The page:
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Boogie Takes a Different Approach on 'Thirst 48, Pt. II'



L11

Interscope
Interscope

Boogie is truly one of California’s best kept rap secrets. For the past two years, the West Coast spitter has proven over the short period of time that he can write, rap and compete with the best in today’s game. Even though his catalog merely consists of two mixtapes and now, Thirst 48 Part II, Boogie’s been defining the “quality over quantity” philosophy more than most. He balances hit-worthy records with heat to feed the streets and deeper cuts for those who want more of an elaborate narrative. This tape bodes a similar positive equilibrium but with a bit more of an optimistic polish.

There are moments on his past releases, Thirst 48 and The Reach, that got mildly dark — understandably so as Boogie’s upbringing in South Central wasn’t exactly made up of white picket fences and friendly neighbors. Even on his biggest track to date and designated banger “Oh My,” he raps about “chillin’ at the park and I got shot up with a 40” — hardly an ideal childhood. But as much as Boogie tries to keep Thirst 48 Part II on the brighter side, he kicks off this tape where the last left off.

“Still Thirsty” opens the project with a slow piano ballad in which Boogie establishes a moment of clarity, touching on trials and tribulations both past and present. “This shit turned me to a different dude/And most the time I don’t be in the mood,” provides a snapshot of where he’s at mentally but thankfully hearing lines like, “Why the fuck we have to struggle?/Why the fuck we wasn’t rich?” is the first and only time Boogie brings it back to his dark past.

“No Way” follows a similar trajectory to “Oh My” in terms of being a staple on turn-up playlists on most major streaming platforms. Keyel serves up a pretty typical head-knocking beat and Boogie boasts and brags all the way through with little regard for the haters. But as far as major club tracks go, “No Way” is the closest it gets — the other dozen songs are far from uptempo and carry a much more mellow vibe. It’s almost as if Boogie let his troubled Compton kid guard down and allow the calmer parts of California living take hold of this project and steer it into a much more relaxed state.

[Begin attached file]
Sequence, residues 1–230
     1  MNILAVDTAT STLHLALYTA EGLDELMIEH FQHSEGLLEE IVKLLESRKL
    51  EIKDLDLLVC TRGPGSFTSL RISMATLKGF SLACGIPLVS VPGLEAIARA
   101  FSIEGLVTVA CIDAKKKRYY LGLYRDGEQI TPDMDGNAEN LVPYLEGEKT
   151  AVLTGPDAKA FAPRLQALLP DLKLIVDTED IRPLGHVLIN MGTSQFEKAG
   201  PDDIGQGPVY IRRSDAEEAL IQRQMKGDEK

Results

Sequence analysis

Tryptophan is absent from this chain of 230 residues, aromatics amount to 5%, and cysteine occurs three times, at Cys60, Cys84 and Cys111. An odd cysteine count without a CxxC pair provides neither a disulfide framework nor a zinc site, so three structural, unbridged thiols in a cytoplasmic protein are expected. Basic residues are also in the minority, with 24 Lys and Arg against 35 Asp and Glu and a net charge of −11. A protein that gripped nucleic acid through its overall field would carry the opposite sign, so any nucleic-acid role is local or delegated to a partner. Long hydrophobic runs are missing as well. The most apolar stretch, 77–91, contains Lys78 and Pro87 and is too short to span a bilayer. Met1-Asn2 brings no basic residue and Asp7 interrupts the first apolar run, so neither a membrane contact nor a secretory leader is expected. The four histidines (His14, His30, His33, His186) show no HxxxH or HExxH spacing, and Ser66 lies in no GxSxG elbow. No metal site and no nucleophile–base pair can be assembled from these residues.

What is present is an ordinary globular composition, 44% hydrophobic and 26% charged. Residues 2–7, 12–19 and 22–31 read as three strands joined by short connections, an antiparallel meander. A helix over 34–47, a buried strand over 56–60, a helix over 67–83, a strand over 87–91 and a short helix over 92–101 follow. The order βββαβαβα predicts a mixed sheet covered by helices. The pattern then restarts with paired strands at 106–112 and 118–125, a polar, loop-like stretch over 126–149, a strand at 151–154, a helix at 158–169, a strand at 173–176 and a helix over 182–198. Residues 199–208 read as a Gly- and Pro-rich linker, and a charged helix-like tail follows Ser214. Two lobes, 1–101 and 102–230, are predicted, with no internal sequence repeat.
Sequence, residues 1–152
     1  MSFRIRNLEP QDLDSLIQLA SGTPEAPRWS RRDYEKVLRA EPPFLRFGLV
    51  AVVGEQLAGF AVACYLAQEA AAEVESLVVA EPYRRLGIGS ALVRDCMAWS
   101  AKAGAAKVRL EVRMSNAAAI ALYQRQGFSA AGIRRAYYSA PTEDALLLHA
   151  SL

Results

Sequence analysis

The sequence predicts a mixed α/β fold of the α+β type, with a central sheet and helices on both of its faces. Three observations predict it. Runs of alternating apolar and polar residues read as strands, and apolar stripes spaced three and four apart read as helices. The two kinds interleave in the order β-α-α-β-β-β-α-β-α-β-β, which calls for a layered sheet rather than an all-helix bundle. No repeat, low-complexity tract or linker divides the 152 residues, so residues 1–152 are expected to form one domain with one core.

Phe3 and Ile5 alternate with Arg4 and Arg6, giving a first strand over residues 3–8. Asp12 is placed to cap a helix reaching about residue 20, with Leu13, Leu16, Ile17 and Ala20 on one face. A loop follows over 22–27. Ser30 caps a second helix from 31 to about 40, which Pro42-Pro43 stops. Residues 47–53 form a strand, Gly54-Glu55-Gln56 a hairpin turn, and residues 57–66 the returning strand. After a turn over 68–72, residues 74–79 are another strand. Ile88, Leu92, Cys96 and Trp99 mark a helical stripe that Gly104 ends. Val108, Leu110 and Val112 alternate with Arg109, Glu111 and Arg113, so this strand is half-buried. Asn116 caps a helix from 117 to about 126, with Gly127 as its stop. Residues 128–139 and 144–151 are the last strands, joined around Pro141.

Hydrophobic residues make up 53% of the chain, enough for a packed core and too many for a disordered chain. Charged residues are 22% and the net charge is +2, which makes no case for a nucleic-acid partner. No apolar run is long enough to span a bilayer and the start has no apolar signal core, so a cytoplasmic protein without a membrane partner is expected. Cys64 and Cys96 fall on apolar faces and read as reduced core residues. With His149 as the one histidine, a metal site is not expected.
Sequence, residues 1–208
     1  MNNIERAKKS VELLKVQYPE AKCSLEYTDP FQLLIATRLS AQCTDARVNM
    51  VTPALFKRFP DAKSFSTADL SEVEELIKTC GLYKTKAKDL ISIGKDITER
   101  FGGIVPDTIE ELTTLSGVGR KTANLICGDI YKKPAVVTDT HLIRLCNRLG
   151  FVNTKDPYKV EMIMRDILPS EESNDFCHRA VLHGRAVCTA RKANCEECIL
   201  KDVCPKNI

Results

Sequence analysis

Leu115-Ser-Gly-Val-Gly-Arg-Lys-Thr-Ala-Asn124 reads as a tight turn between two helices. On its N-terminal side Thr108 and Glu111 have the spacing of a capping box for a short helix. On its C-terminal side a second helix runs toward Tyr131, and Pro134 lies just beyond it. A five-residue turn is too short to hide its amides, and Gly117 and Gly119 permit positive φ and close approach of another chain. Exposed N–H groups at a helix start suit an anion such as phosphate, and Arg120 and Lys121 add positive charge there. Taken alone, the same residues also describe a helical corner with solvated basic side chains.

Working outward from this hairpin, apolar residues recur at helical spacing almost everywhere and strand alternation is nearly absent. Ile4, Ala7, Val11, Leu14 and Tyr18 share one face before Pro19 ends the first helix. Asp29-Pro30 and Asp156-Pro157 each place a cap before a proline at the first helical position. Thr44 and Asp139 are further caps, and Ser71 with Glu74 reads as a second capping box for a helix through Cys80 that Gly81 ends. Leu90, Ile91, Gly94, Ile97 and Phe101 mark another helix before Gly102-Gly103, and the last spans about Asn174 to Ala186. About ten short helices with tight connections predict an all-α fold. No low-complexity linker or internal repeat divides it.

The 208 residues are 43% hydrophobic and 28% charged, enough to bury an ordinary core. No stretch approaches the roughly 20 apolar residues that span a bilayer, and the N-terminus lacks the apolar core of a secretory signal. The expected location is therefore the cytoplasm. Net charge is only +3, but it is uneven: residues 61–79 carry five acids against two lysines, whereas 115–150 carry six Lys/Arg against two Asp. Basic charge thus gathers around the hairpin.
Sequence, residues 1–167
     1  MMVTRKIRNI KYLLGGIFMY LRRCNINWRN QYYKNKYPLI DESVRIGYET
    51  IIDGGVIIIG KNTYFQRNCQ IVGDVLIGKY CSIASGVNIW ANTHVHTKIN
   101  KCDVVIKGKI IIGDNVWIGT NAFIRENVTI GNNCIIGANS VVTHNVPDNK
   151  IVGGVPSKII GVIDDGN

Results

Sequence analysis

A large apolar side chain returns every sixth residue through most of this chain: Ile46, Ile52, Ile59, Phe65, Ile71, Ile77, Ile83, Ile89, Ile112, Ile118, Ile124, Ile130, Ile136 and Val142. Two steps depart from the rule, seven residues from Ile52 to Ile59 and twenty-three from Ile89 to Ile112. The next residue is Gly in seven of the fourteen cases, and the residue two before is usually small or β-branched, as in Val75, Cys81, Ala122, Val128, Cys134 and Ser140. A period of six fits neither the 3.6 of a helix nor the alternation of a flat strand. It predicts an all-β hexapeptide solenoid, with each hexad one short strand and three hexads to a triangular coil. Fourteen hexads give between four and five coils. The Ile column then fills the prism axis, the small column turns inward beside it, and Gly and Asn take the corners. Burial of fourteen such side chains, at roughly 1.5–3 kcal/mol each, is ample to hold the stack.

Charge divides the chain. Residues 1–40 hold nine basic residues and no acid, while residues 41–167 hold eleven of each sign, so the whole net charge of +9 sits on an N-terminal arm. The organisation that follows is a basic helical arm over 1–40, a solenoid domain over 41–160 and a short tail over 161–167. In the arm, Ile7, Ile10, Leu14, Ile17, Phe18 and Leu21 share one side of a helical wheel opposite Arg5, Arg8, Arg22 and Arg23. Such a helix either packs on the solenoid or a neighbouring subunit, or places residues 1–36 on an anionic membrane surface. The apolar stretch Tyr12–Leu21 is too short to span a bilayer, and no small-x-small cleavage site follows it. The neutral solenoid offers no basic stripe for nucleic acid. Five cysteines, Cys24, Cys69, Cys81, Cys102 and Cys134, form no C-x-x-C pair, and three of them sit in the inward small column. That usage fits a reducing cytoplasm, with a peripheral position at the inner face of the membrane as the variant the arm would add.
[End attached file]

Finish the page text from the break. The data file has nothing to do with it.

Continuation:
Boogie is so gifted with the rapid-fire, striking rhymes that hearing him deliver songs about “tripping off his old thing” feels like a bit of a cop out, but it’s his story to tell after all. He still comes through with solid, strong songwriting on Thirst 48 Part II but it’s clear the relationship aspect is a focal point on this project.

Of course songs like “Prideful” and “Fall Before the Climb” are so eloquently put together that it’s hard to criticize — even if you much prefer Boogie in more of a brazy rap mode. In fact, the latter cut with KB Devaughan is as inspirational as it is sentimental. Plus, he gets off some clever bars too. “I’m dressed in confidence, I’m gon’ give you this naked truth,” he raps, which is definitely worthy of hitting rewind more than once.

Capping everything off with West Coast posse cut “Fuck ‘Em All” would have been a nice reminder that Boogie still keeps his MC bravado razor-sharp but instead, another heartfelt relationship track in the form of “Best Friend” is served. The song itself is a well told story of brotherly love but after hearing tracks of this phlegmatic nature for the past 40 minutes, the Mozzy and DJ Quik-assisted banger seems like a better fit for a closer.

As Thirst 48 Part II comes to an end, it’s apparent this is a concept project centered around love, loss and smooth reminiscing. From a technical and artistic standpoint, Boogie has matured and checks off all the boxes from production to songwriting to lyrical abilities, making this a strong release without many hiccups.

Read XXL’s The Come Up Interview With Boogie

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Author: Scott Glaysher

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